Even on desktop the difference between json.parse and custom parsing is factor 10

      • olsn

        That is not quite true, you are right, that custom parsing is slower, however the factor is (depending on the browser) max. 3 – also you have to look at the fact that MsgPack is so young, maybe someday there is a native implementation for a binary serialization format.
        Also I was more focusing on what your server has to calculate – it probably won’t really matter if it takes your clients 0.2ms or 1ms to decode/encode data, you are right about that – but if your server can cut the amount of bytes to be parsed by that factor, it can be quite a gain.

  • mike

    Nice presentation, but I think you’re looking in the wrong place to evaluate efficiencies.

    Your percentages are off because you’ve forgotten to take into account the network transport layers. At the IP level you’re not gaining nearly as much because of the TCP and IP headers, checksums, routing info, etc which are added prior to leaving the client and then stripped after reception. In addition, packets are often transmitted in minimum sizes, etc. If – as one of the commenters said – your transported data is gzipped, that adds additional cruft, processing, standard block sizes into which the data is embedded, and yadda yadda yadda.

    Anyway, the difference between a 29 byte string and a 20 byte string is trivial, so the place to look is in the impact on processing overhead, maintenance [JSON is a printable representation which makes it much easier to debug than a binary one (does anybody just point ‘telnet’ at an address:port and pretend to be the client any more?)]

    Now if your argument was between XML and JSON (or any other printable, efficient data serialization method), I’m on your side. But that’s because the savings are probably significant and JSON is readable, while XML isn’t.

    • Michal Gebauer

      At least I and ex-colleague of mine use telnet to see it pure :)

      To the point there is already Binary JSON format/initiative. So using MsgPack is not reasonable.

  • Rakesh Pai

    You also forever lose all the ability to look at your data by viewing it any common tool, since the data isn’t text-based anymore. This makes debugging very hard. So, the part where you say that the data is not readable on the wire is not a benefit but a downside. In fact, it’s a serious enough downside to not consider this approach.

    All the benefits you mention can be achieved by turning on gzip instead, without any of the downsides. You might even get better compression.

    Protip: When in doubt, use a plain-text data exchange format.

    • olsn

      You can just build in a serialization-layer and then switch between JSON and MsgPack for debugging and production.

  • Manne

    Do you have any server stats, like before and after graphs? Would be interesting to see how much the actual saving is.

    • olsn

      Nope sorry – I used MsgPack in this project right away, after doing some benchmarks – my project does not have that many users anyways, but as I said: on Ruby MsgPack parses about 5x faster

  • Originalgeek

    Brilliant! By downloading 69k worth of JavaScript, I can save 20-30 bytes per ajax operation.

  • Patrick Stadler

    What happened to the 12 (age) in the example?

  • ziad

    It’s the 0C at the end.

  • Bob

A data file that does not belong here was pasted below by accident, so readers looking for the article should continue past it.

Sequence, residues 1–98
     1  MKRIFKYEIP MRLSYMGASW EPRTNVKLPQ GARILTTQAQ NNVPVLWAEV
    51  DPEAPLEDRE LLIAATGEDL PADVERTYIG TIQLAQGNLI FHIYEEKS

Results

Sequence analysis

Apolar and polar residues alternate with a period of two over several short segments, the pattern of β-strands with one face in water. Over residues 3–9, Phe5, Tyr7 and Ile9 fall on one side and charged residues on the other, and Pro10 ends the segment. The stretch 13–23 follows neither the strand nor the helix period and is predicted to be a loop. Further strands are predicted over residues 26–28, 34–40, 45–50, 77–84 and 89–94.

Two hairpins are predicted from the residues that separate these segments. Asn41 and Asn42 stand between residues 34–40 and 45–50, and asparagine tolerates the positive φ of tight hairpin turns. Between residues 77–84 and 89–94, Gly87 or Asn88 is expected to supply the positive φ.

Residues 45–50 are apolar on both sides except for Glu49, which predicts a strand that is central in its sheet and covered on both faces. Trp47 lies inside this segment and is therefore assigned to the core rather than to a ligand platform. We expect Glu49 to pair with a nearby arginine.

Have you not heard of hessian protocol? Its been out for yours and its ported to more or less every language. Personally I prefer gzipped json, but if I were to use binary I would use hessian.

  • Francis

    According to MsgPack doesn’t handle strings at all, only byte arrays.

    This happens to work if you only send numbers (like coordinates and game scores), and hand-picked values (like “John Doe”), but not for user-entered data.

    How many lines of code does it take to do something like JSON.stringify that works for (arbitrary) strings?

    • olsn

      I think you misinterpreted something here, you can pack Strings, Numbers, Hashes ect.. alike, the only difference is the output:
      JSON: Object < -> String
      MsgPack: Object < -> ByteArray

      This means, that the OUTPUT is no String, but within your code you only work with the OBJECT anyways, that’s why it shouldn’t matter. If you are trying to generate a JSON String yourself, you probably have a design-flaw somewhere in your architecture ;-)

    • earonesty

      Current version of msgpack supports utf8 fine. And node version is back to faster than JS again.

  • Poul

    Note that gzip compression can only be used to send data from the server to the client, not the other way (as it has to be negotiated)

    • Fabio A.

      Why so? Can’t the client just set “Content-Encoding: gzip” and be done with it (assuming the server knows how to deal with that content encoding)?

  • Nathan Aschbacher

    I did a little speed comparison of the node.js msgpack implementations here:

    It’s a very basic benchmark, but it’s pulled from the node-msgpack project that makes some speed claims of its own vs. JSON.

    Clearly JSON parsing and encoding got much, much faster at some point in V8, but msgpack is about the same speed as it always was. JSON is 4+ times as fast now.

    I need to do a test on MsgPack vs. JSON in Erlang next.

    • Pavel

      Thanx for the benchmark, nathan!

    • nacmartin

      Hi Nathan. did you do that MsgPack vs JSON in Erlang test? What were the results?

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  • Thiago Z S

    In my point of view, we have a problem with the messagepack, I think the API dosent have a support to compress all over the data.
    I dont understand why the messagepack dont compress the json. Maybe I doing some wrong.
    Just for fun, I’m and Will, we doing some tests over Redis with a list with one object serialized! Checkout our tests.

    Thanks all